Where’s the Money, available on Netflix, is the kind of movie you used to stumble across on the shelves of Blockbuster. The cover has people you recognize, like Terry Crews, Retta, Method Man, and Mike Epps. Where did this come from? Ninety minutes later and everything makes sense again: Where’s the Money is a goofball comedy that works too hard for the laughs to come easy, but there are a few redeeming qualities.
Del (Vine star Andrew “King Bach” Bachelor) is a carefree guy going nowhere, working at his family’s gym. Del’s dad, Dre (Epps), left a cool million dollars from a robbery in the walls of a run-down house in Crenshaw. Easy peasy, Del just needs to pop in and all of his problems will be solved. Except the flophouse has succumbed to gentrification and is now a frat house. Obviously, Del has to pose as a student and rush the frat, where YouTube star and controversy machine Logan Paul is perfectly cast as an affable Greek bro, and take the most circuitous route to the basement. Except Del is Black and the frat is whiter than SoCal’s finest blow.
You can probably guess how most of the jokes will go. The hit rate is low enough to make your eyes roll, but the movie scores a few solid laughs.
Most of the movie’s success comes from the energy and sheer force of will of the cast. Bachelor is charming and somewhat recalls early Chirs Tucker. Del’s friends, Alicia (Kat Graham) and Juice (Allen Maldonado) are stereotypes. Alicia is a total fantasy and Juice is goofball, but Graham and Maldonado overcome limp material to make a good impression. The frat guys struggle more with what they’re given. Their jokes waffle between uninspired faux-woke racial commentary and easy Greek jabs. It’s all low-stakes silliness.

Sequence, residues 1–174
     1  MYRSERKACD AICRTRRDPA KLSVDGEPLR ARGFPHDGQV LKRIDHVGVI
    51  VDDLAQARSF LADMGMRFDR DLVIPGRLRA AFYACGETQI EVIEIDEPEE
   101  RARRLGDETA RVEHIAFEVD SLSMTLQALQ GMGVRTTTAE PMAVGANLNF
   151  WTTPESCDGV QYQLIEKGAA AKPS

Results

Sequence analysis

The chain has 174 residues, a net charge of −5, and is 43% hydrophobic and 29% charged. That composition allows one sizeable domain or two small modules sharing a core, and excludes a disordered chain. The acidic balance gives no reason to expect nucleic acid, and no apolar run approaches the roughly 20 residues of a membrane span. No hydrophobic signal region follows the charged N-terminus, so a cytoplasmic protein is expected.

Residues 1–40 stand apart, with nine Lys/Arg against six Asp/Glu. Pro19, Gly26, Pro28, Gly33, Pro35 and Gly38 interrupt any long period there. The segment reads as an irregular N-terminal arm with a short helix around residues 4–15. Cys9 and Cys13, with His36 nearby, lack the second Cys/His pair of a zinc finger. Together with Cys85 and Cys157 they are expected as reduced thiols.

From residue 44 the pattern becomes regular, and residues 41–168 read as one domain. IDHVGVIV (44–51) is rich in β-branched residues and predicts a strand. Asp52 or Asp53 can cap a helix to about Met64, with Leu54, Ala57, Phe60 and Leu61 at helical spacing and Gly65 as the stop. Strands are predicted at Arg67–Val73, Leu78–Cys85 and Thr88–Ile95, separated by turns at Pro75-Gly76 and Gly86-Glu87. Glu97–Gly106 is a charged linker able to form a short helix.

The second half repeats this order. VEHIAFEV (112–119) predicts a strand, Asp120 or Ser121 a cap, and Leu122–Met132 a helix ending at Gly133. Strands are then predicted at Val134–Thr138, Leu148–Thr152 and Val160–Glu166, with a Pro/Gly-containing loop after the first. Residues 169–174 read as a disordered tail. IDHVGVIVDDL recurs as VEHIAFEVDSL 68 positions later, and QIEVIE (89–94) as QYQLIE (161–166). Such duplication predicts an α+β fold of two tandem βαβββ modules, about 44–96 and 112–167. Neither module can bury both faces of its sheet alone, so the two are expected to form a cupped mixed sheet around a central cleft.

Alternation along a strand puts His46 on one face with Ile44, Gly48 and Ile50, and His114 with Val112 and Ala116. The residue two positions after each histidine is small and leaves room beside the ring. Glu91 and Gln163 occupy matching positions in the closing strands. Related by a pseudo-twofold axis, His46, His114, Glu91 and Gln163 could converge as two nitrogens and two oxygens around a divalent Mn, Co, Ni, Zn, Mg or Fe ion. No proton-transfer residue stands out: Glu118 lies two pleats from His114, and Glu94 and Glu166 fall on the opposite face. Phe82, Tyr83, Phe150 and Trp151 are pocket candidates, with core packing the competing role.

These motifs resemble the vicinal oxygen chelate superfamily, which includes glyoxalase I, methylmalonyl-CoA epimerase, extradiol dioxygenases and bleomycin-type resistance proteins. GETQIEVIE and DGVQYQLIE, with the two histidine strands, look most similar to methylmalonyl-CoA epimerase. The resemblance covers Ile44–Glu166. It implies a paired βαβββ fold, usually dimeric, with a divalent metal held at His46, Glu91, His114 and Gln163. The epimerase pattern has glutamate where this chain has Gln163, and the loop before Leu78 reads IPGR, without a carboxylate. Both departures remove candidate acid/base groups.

Credit where it’s due, I was kind of impressed by the elaborate way many of the jokes play out. The rush-week rituals are elongated in a way that becomes more amusing than the actual jokes being delivered. The machinations of some of these setpieces (most notably a bachelor auction and lapdance/heist scene) would make the Final Destination filmmakers proud.
The movie should have leaned into its comic convolution instead of pulling up for sporadic bouts of earnestness. Any time the script aims for an emotional beat it rings phonier than last week’s bologna. Movies aren’t fun when you can see the strings on the puppets. The puppet masters, writers Ted Sperling, Benjamin Sutor, and director-co-writer Scott Zabielski, are clumsy Where’s the Money proves to be as generic as its title implies. It’s packed full of people you’ll recognize (Josh Brenner, better known as Big Head on Silicon Valley, is one of the frat boys) and that helps even out the ride. Still, you’re better off leaving this one on the shelf.
Still not sure what to watch on Netflix? Here are our guides for the absolute best movies on Netflix, must-see Netflix original series and movies, and the comedy specials guaranteed to make you laugh.